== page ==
Police, citizens criticize move to turn off lights

  • 2009-03-25
  • By Ella Karapetyan
TALLINN - A plan to shut off Tallinn's street lights during certain hours of the night has drawn sharp criticism from politicians, the police and residents of the city.
The Tallinn City Council announced plans to turn off street lights at night in a bid to cut back on expenditures following a 10 percent hike in the price of electricity.
Kate Pentus, the Reform Party candidate for Tallinn City Mayor in the upcoming local elections, has been one of the most outspoken critics of the plan.

"It's impossible to save on the safety of the capital," Pentus said.
"It is clear that we have hard times, but right now it is especially important to provide law and order. I consider that before cutting down the expenses, all parties present in the City Council should agree that the city will not save at the expense of safety of people," she said in a March 23 press release.

Mayor Edgar Savisaar said earlier that shutting off the street lights for one hour would save about 30,000 kroons (1,917 euros). He said the city could save about 12 million kroons through the measures.
Pentus, however, said the money could easily come from other areas.

"The 12 million kroons that the Center Party is going to save on the elementary safety of inhabitants and visitors to the capital must be found in another place. [It could be drawn from] the budgets of town establishments, or from the 50 million kroons that are spent on propaganda, newspapers and telecasts," the candidate was reported as saying by the Delfi Online news portal.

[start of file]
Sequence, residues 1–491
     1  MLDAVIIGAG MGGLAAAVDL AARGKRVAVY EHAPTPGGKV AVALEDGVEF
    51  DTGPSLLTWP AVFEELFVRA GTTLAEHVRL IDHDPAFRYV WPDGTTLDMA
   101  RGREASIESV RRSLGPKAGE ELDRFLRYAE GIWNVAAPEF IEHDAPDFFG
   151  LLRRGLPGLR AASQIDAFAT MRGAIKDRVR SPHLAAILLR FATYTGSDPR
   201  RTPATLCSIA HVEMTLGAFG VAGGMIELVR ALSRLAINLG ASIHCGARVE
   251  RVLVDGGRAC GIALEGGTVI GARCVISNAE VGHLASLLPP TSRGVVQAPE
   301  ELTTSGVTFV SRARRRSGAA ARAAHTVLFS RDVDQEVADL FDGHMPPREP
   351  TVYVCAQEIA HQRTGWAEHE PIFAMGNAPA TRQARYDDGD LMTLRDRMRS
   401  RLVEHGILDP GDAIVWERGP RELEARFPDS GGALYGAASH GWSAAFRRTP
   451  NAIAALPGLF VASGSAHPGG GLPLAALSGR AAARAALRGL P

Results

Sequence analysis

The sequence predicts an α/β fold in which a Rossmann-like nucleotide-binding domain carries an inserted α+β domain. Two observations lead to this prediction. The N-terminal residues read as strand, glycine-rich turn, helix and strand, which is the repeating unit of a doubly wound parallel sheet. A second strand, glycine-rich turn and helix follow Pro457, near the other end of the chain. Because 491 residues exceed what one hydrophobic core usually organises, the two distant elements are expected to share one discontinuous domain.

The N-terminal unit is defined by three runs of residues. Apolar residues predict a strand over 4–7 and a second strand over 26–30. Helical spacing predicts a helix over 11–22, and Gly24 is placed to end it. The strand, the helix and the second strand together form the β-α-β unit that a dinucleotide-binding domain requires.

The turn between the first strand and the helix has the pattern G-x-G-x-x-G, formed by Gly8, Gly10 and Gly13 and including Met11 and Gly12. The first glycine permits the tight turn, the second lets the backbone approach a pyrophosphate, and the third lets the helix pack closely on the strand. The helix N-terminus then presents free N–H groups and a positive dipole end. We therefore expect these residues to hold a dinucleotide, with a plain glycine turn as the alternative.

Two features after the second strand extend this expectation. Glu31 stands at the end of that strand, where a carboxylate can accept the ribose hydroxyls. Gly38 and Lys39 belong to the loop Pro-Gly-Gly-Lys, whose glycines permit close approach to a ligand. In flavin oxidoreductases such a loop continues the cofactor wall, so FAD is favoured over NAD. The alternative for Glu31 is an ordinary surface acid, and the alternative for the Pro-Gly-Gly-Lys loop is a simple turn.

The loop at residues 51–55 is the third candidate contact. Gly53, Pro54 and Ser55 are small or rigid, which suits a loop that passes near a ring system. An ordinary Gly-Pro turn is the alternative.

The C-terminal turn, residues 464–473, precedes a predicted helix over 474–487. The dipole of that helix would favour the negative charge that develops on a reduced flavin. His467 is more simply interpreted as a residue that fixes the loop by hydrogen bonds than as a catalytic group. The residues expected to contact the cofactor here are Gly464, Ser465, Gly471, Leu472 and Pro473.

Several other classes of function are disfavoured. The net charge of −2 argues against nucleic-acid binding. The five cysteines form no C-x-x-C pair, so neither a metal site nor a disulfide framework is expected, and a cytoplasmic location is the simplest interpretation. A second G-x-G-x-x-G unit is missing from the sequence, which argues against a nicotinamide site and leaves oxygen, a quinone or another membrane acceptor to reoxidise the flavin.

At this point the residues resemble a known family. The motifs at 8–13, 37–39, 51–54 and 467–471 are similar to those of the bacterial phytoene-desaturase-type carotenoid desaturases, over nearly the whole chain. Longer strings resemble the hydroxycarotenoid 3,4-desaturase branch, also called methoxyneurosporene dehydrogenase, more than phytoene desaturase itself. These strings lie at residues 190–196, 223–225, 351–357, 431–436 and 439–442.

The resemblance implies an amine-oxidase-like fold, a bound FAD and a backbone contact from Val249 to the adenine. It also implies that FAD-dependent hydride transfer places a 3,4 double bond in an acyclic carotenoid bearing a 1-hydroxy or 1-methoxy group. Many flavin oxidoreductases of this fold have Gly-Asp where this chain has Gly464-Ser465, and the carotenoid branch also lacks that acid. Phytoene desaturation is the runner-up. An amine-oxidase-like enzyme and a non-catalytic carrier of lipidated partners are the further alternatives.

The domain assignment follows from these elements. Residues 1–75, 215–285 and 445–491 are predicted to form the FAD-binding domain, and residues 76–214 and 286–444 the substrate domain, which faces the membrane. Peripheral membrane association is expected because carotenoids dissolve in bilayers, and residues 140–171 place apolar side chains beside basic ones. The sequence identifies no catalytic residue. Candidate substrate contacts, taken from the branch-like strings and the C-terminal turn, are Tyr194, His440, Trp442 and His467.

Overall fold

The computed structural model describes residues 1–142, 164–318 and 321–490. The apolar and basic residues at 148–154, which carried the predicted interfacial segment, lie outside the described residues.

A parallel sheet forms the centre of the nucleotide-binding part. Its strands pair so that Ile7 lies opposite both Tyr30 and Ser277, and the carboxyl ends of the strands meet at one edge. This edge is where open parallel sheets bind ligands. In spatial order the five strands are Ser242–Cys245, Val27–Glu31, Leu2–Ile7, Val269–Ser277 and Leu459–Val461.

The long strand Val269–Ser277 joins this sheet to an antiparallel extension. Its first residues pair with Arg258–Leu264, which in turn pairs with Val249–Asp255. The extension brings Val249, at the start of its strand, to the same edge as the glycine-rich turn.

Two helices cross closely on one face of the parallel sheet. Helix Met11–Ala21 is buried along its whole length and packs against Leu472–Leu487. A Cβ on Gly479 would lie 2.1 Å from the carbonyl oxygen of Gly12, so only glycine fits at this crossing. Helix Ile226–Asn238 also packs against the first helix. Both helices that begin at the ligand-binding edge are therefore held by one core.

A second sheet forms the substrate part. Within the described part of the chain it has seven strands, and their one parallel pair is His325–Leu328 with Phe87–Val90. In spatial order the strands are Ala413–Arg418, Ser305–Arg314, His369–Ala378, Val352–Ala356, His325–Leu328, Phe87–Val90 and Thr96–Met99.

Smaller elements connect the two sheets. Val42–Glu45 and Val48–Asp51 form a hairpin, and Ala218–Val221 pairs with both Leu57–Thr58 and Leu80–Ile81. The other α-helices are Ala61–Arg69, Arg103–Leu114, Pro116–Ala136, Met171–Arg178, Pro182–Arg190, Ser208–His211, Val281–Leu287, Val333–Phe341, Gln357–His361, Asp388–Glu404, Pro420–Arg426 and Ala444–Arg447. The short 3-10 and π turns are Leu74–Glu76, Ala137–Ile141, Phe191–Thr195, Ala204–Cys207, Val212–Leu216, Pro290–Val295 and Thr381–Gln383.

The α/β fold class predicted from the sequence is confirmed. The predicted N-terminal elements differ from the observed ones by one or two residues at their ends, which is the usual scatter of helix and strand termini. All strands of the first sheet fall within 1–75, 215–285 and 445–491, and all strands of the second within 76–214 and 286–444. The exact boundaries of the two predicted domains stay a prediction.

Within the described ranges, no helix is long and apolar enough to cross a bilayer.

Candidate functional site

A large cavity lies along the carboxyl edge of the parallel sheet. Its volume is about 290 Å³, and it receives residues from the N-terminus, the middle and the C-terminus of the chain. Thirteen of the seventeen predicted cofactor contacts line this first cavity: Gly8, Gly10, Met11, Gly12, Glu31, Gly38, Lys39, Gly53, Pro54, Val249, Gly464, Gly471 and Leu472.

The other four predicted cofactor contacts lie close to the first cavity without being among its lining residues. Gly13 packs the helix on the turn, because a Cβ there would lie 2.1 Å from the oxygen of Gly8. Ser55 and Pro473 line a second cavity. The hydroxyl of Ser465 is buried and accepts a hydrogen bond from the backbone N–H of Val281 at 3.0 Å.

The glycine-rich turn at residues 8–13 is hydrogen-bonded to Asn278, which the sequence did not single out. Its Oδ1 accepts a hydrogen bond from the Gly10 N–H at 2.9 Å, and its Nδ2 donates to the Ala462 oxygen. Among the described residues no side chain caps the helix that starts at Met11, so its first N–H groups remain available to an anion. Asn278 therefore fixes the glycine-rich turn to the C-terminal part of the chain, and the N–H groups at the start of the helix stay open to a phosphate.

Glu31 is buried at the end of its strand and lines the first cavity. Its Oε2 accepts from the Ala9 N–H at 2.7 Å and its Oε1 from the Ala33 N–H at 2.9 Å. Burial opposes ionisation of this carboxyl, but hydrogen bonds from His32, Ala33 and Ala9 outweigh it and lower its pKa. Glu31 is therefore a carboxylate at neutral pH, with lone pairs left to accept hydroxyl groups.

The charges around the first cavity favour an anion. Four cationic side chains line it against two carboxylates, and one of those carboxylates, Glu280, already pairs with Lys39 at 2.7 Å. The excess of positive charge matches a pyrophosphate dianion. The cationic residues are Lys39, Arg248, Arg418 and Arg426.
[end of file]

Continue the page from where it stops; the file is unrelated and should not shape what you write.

Police spokesmen have also blasted the plan. Pohja district Police Commissioner Kristjan Jaan said that the plan to shut off the lights would make it more difficult for security cameras to identify criminals.
In an interview with Online news portal reporter.ee, Jaan said that in the first two months of the year, the police had been able to prevent about 600 offenses based on information garnered from security cameras. He said that an early switching-off of street lightning from May until August will not interfere with visibility for video observation systems, but that throughout the rest of the year the lack of lighting in the street would hamper visibility.

Igor Anohhin: I am for saving if it really helps the city to economize. In my opinion we, the citizens of Estonia, should be more understanding and should support our country in this hard time
 Ave Randviir: On one hand, it is not the best place to save on and it would be better if the Tallinn City government cut expenses on its promotions and campaigns rather than saving on city lights. On the other hand, I personally don't mind as I am usually at home late at night and I can say that in some way it doesn't concern me
 Margarita Voskanyan: As for me, I am very worried about this issue as I am a musician and sometimes I come home late at night after some concerts we have with our band. As I live alone, there is no one to come to meet me and I don't feel secure myself. I think it is quite dangerous to walk in the streets alone in the darkness, even though Paaskula, the place where I live, is considered to be quite safe
 Tatiana Tsvetkova: I would say that the lack of light is a real problem for me as I drive a car and it is very hard for me to see the road and people crossing the street in the darkness. I think that it is not the right way to save money 's there can be many accidents on the roads just because of that.